New association stakes Canada’s claim in printable electronics
EP&T MagazineElectronics Electronics
The Canadian Printable Electronics Industry Association (CPEIA) has officially launched with the goal of becoming a united voice representing of this country’s printable electronics (PE) sector.
Consultations with key stakeholders in industry, government and academia revealed that current R&D and commercialization efforts alone are not sufficient to create a strong Canadian PE sector. Several areas were identified where an industry association can significantly enhance the growth of PE in Canada.
The CPEIA’s mandate is to bring together key Canadian and international players in industry, academia and government, to build a strong domestic PE sector, according to the newly appointed executive director Peter Kallai. The Association, which commenced operations recently, will implement critical development strategies to facilitate growth through networking, stimulate R&D and investment, build a strong PE supply chain and drive the broad adoption of PE by end customers
Close to 50 Canadian companies presently have a business interest in PE. Three years ago, the National Research Council of Canada (NRC) stepped up to drive the growth of the domestic sector by creating its PE Flagship research program. It also led the creation of the PE Consortium with 14 industry partners. The CPEIA is the next logical step in the evolution of PE in Canada.
The CPEIA is joining and promoting a delegation of Canadian companies with the NRC that will be exhibiting at Printed Electronics USA 2014. This conference, the largest of its kind dedicated to PE, runs November 19 and 20 at the Santa Clara Convention Center in California.
Become a Member of the CPEIA
The CPEIA is actively recruiting members, which is any individual or organization with a vested interest in PE, who might be willing to participate in the growth of the emerging sector. This includes end-customers and end-users of PE applications, startups and SMEs, university and government research labs, systems integrators and OEMs, and venture capitalists and angel groups. Membership is open to Canadian and international organizations.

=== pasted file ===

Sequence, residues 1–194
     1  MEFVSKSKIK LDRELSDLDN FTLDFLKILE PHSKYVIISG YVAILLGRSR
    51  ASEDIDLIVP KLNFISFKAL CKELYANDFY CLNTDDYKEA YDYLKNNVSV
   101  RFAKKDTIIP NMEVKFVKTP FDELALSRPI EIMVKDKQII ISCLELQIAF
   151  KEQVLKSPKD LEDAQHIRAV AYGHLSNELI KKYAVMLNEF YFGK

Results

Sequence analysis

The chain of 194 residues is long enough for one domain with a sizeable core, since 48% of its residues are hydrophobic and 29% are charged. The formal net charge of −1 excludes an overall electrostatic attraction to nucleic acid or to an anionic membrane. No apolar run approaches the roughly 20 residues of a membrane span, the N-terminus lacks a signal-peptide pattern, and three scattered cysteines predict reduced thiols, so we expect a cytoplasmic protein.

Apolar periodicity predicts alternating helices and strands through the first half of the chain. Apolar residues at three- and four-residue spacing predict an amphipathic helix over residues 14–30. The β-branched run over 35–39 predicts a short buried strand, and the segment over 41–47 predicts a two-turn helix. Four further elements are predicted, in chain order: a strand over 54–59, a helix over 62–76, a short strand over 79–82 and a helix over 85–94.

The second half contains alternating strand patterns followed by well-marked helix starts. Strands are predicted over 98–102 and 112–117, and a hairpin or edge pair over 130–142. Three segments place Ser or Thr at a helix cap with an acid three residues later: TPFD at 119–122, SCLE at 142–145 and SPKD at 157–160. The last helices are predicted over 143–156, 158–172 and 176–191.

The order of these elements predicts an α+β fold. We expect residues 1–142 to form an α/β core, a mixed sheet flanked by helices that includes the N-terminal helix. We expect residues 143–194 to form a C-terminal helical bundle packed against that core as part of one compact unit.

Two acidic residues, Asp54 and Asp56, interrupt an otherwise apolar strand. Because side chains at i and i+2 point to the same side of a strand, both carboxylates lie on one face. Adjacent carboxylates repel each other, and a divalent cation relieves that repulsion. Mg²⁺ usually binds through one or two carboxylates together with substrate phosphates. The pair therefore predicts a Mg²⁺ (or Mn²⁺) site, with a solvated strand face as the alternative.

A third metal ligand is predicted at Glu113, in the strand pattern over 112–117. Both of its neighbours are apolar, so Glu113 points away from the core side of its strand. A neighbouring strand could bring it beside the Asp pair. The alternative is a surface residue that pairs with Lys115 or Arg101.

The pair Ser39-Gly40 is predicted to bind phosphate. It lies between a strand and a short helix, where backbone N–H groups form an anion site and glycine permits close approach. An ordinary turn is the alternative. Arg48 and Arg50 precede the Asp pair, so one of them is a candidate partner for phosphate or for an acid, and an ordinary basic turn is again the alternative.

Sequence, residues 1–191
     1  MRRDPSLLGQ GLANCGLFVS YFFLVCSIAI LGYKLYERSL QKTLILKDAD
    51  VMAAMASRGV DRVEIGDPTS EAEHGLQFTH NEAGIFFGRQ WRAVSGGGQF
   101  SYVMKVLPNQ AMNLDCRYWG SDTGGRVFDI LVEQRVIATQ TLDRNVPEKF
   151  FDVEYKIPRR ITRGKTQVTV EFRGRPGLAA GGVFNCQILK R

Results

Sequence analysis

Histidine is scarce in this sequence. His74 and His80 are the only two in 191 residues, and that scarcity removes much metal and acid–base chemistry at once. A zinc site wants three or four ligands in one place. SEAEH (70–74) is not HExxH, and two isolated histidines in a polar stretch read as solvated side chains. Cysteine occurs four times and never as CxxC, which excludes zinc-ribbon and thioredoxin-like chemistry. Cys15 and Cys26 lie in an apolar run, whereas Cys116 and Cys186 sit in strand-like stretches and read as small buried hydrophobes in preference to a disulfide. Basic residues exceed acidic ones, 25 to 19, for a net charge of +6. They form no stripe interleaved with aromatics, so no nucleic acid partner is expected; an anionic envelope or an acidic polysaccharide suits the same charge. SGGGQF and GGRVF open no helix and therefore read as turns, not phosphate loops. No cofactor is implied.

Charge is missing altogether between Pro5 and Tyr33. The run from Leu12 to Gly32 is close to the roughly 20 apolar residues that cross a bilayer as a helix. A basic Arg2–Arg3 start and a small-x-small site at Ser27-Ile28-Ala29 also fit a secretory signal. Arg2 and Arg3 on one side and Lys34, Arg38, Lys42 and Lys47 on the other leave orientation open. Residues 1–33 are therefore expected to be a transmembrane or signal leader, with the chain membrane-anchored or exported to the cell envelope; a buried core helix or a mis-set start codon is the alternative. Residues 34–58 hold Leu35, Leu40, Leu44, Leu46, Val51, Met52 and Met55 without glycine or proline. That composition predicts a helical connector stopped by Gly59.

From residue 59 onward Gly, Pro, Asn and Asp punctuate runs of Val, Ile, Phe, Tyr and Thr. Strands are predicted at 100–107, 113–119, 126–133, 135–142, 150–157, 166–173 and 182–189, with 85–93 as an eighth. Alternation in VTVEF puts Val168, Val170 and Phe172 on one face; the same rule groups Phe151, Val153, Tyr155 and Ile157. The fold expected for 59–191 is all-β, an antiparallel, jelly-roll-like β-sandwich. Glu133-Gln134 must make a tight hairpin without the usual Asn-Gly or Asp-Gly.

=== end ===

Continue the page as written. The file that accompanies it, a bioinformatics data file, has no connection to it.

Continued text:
“A few years ago, many PE applications would have been considered science fiction,” says Kallai. “But not anymore, as government organizations, startups, OEMs and systems integrators around the world are investing billions of dollars in R&D to revolutionize existing products and create new ones with PE. It’s time for Canada to step up and stake its claim in this exciting emerging market.”
Kallai is a senior high-tech executive and management consultant who has worked with more than 100 government organizations and growth-stage companies across Canada and served on various boards. As VP of strategic analysis & global marketing, he helped a TSX-listed global communications company grow from $3.2-million to $100+ million in revenues, and to 350 staff.
Canada’s Printable Electronics opportunity
PE combines new materials with cost effective, large area production processes that open up new fields of application. Conventional printing processes, such as screen-printing, flexography, gravure and inkjet, are used to deposit conductive inks onto a variety of flexible substrates, such as plastics, papers and fabrics. The goal is a whole new world of electronics that are low cost and consume little power. They can be disposable, biodegradable, flexible and even stretchable.
PE lies at the convergence of several industries in which Canada has a strong track record – advanced materials, micro-electronics, information and communications technologies, printing and advanced manufacturing. According to research firm IDTechEx, the global market for printed and potentially printable electronics will rise from about US$24 billion in 2014 to $340 billion by 2030, with a compound annual growth rate of 40 per cent.
Consider PE product applications:
* A sheet of paper that displays video and plays audio.
* Biometrics to monitor your health, built into a shirt or even a disposable band-aid.
* Smart labels on packaging that react to environmental changes.
* Low-cost RFID (radio-frequency identification) transponders.
* Displays that are flexible and even rollable.
* Flexible solar cells that can be incorporated into fabrics.
* Batteries that can be printed.
Some PE components are already around us. These include the biosensors in the disposable glucose test strips used by diabetes patients, embedded antennas for mobile devices and touch displays.